My Double-Edged Sword
October is both LBGT History month and ADHD Awareness month, which means I’m basically at my peak power for the next couple of weeks. I was diagnosed with ADHD at the age of eight. I’d always been a baffling, rambunctious, problematic child — I remember breaking things and frustrating my mom when she’d ask why and I could never tell her. I genuinely didn’t know. I’d had the impulse to act, so I acted on it. That’s the thing with ADHD. I got put on medication, but eventually came off it my senior year of high school. Not because I wanted to or because of any of the scaremongering tactics that people try to push about ADHD medication, but because we couldn’t afford it anymore. I could probably afford it now that Matt and I are living the dual-income-no-kids life, but I’ve since learned to cope decently well without it, and with prescription drug prices in the United States being what they are, if I can manage to cope, why shouldn’t I?
There are a lot of misconceptions about ADHD. The popular consciousness sees it as just a lack of attention, the “ooh, shiny” thing. The popular consciousness can be forgiven, given that the acronym stands for attention-deficit hyperactivity disorder. But it’s much more than that. My ADHD is a part of me, it pervades my entire life, how I interact with and perceive the world. It’s not something I’ve grown out of, or that I ever will.
It’s also a surprisingly double-edged disorder. On the one hand, if I’m uninterested in an activity, or I’m getting too much sensory input from elsewhere, or not enough, then focusing on that activity becomes the most impossible thing in the world. On the other hand, ADHD also comes with the ability to hyperfocus, which is to say that when lightning strikes, neither man nor gods could tear my attention away from what I’m doing. Of course, it’s not a state that I know how to purposefully induce, and when broken, it proves incredibly fragile and hard to get back. It’s like being Superman except for you spend most of the time surrounded by kryptonite, and the moments when you aren’t come seemingly at random.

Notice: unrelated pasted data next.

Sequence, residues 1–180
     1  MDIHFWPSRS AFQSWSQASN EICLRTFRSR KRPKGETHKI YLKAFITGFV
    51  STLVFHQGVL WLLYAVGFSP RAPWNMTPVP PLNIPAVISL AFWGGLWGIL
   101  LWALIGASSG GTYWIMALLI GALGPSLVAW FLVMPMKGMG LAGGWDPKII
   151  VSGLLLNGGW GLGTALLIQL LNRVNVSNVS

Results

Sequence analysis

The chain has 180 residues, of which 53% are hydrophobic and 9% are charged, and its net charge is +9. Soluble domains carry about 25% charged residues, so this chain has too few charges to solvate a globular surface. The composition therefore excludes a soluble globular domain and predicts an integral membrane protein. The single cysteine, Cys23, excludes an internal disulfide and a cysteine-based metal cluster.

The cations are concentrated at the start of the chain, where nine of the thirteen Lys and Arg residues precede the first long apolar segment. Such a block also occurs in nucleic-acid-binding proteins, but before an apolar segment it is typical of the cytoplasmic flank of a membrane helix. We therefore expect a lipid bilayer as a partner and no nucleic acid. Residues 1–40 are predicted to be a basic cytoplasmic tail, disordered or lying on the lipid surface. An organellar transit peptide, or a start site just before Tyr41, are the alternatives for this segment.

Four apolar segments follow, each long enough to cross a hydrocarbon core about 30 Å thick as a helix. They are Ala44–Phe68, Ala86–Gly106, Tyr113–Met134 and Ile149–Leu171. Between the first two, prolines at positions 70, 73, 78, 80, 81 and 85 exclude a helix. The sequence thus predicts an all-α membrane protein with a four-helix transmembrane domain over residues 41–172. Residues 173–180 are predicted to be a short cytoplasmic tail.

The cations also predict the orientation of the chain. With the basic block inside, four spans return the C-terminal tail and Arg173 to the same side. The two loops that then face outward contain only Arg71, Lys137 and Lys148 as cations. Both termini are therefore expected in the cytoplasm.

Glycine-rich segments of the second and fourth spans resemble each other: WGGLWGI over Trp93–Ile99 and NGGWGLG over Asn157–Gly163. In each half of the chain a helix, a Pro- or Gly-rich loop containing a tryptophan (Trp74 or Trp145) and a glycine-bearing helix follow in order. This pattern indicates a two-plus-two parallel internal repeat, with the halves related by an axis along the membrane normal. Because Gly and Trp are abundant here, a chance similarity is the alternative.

I’m also quite impulsive. This can be a great thing — it makes me a lot of fun and I think it’s the reason for a lot of the creativity I have. I also have trouble persisting in things, precisely because I’m so impulsive. Why finish this chapter of the novel I keep telling myself I’m writing when the idea for a symphony that I also won’t finish has just popped into my head? But when I do finish something, I’m usually quite pleased with it, it’s just getting to that point which is hard. It’s like my brain is being driven by a motor, or sometimes it’s more like a swarm of bees is in there. Random things flick in and out and I try to grab onto something but if I wait to evaluate it and its consequences, it’ll be gone. Over the years I’ve gotten much, much better at exerting control, but especially when I was younger, I would just do things without even being able to say why.
ADHD is pernicious. Fundamentally, my brain finds itself improperly stimulated by its own mechanisms and so seeks out external stimulation to fill the void. Sometimes that means that I desperately need to be tapping or humming or flapping my hands (this is called “stimming” and is one of a few behaviors that many people with ADHD share with people who are on the autism spectrum) or listening to music, and doing so is enough to keep calm. Other times, though, it’s like my brain is so receptive to external stimulus that it becomes totally overwhelming. Crowd situations, especially when I’m tired, can often become too much to deal with, because my brain can’t handle dealing with all the things going on around me and functioning like a normal person, so I shut down and clam up. ADHD can make me both very gregarious (once I get over my initial discomfort around new people) and incredibly introverted at the same time. It’s my double-edged sword.
I live with ADHD every day. I wouldn’t say I’ve found success in spite of it, because that ignores what a core part of me it is — I could easily say that I’ve found success because of it, especially in the political sphere. As much as I can lack discipline and focus at times, can I say that I would be as good as I am at knocking doors for candidates if I weren’t impulsive enough to be able to just knock on a stranger’s door? It’s who I am, just like being gay is who I am. And there are more like me, each with our own double-edged swords.
You can learn more about ADHD and ADHD Awareness Month at adhdawarenessmonth.org.